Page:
Verse > Anthologies > Elizabethan Sonnets > Cœlia

Seccombe and Arber, comps.  Elizabethan Sonnets.  1904.
Cœlia by William Percy (1575–1648)
    Front Matter
I. Judged by my Goddess’ doom to endless pain
II. O happy hour, and yet unhappy hour!
III. Prove her! Ah, no! I did it but to love her!
IV. O Heavenly Cœlia, as fair as virtuous!
V. Fair Queen of Cnidos! come, adorn my forehead!
VI. Good God! how senseless be we paramours
VII. If it be sin, so dearly for to love thee
VIII. Strike up, my Lute! and ease my heavy cares
IX. Whilst others ween sole hopes to be a sa[l]ve
X. To win the Fort, how oft have I assayed!
XI. Of all the women which of yore have been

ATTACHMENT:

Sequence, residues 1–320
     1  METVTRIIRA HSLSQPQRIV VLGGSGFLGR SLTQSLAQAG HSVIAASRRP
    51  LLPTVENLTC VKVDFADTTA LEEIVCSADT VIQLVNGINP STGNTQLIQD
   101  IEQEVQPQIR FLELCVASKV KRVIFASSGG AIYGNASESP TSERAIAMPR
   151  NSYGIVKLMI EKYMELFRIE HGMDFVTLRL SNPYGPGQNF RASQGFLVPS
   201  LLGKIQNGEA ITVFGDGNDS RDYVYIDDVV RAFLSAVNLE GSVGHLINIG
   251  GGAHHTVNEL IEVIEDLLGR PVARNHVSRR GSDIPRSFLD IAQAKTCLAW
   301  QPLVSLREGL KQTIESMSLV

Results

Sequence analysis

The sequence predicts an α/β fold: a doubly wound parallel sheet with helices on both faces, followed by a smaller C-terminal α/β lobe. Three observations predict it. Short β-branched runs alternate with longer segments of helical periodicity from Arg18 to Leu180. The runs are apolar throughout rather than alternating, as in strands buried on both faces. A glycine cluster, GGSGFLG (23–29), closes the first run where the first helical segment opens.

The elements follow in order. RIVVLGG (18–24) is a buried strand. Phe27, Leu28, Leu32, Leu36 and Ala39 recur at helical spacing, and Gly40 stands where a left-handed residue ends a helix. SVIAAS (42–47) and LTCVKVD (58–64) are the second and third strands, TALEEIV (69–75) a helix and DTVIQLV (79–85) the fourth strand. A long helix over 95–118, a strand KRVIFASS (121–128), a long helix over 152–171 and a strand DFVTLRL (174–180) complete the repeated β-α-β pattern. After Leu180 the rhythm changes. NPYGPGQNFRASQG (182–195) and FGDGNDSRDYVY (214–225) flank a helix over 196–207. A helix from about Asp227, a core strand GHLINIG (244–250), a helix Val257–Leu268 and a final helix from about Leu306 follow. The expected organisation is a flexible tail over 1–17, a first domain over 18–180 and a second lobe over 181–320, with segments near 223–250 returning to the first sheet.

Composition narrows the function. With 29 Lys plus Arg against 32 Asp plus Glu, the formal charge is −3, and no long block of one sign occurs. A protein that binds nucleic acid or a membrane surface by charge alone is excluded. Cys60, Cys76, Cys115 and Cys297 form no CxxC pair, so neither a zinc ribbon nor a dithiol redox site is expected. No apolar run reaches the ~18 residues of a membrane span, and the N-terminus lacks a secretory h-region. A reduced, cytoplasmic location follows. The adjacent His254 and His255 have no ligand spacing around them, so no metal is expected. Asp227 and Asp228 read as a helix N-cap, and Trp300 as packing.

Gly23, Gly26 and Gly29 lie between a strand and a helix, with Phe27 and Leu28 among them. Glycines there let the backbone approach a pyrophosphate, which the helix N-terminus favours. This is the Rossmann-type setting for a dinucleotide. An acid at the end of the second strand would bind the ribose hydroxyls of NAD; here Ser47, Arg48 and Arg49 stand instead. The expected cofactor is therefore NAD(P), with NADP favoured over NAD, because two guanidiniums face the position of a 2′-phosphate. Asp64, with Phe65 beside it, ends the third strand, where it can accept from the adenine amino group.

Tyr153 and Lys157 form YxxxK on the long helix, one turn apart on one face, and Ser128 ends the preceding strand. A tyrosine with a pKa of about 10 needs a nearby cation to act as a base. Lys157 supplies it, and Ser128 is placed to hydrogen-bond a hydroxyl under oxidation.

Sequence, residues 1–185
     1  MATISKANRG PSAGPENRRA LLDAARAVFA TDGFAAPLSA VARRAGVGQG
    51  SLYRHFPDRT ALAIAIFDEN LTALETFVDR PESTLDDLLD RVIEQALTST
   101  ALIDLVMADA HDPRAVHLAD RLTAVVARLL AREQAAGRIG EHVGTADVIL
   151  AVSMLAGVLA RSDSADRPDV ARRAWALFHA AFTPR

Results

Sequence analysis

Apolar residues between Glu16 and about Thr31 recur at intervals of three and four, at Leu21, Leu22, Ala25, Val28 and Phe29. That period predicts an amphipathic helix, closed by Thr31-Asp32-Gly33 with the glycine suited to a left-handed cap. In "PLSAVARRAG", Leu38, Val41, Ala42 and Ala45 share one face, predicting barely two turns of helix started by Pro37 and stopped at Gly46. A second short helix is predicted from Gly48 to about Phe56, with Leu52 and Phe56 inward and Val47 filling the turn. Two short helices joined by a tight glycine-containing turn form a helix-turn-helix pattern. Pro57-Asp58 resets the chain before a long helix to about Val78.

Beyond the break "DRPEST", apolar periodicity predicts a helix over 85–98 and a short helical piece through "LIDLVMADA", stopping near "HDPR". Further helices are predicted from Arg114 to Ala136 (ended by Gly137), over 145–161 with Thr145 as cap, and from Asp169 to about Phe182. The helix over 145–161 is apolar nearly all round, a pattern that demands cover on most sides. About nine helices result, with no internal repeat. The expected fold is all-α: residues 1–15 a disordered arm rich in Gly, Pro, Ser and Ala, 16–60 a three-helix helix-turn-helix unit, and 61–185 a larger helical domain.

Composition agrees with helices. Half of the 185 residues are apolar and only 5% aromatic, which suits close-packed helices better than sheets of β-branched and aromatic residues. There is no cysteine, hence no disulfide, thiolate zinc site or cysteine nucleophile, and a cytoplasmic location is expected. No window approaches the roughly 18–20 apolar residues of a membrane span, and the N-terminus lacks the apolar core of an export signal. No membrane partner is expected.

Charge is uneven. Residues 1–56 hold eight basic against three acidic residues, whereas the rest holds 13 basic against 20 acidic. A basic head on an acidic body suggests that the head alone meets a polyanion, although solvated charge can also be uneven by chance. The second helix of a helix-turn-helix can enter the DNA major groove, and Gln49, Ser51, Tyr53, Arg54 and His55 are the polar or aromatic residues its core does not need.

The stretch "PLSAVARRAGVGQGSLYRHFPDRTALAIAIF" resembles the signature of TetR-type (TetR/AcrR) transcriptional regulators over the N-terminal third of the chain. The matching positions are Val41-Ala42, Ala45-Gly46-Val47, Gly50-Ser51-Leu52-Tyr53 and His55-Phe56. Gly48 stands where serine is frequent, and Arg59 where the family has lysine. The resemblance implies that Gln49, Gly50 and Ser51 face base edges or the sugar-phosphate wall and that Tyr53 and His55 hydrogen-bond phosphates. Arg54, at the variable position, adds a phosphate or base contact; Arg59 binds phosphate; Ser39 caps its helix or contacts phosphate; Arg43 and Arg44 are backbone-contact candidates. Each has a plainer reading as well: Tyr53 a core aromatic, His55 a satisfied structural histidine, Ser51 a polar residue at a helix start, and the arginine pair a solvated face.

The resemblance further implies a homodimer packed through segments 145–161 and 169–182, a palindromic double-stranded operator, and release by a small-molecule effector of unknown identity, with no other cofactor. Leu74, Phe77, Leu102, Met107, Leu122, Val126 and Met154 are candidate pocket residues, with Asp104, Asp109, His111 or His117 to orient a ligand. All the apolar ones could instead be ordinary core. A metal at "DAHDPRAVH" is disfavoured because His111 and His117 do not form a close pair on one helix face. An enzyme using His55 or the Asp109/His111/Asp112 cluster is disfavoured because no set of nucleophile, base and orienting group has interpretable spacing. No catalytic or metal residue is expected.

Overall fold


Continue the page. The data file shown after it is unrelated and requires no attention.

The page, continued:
XII. Cœlia, of all sweet courtesies resolve me!
XIII. With grievous thoughts and weighty care opprest
XIV. When once I saw that no intreats would move her
XV. What is the Fair, to whom so long I plead?
XVI. What may be thought of thine untowardness
XVII. Relent, my dear, yet unkind Cœlia!
XVIII. “I cannot conquer and be conquerèd!”
XIX. It shall be said I died for Cœlia!
XX. Receive these writs, my sweet and dearest Friend!
    Madrigal. When first I heard thy loves to Laya



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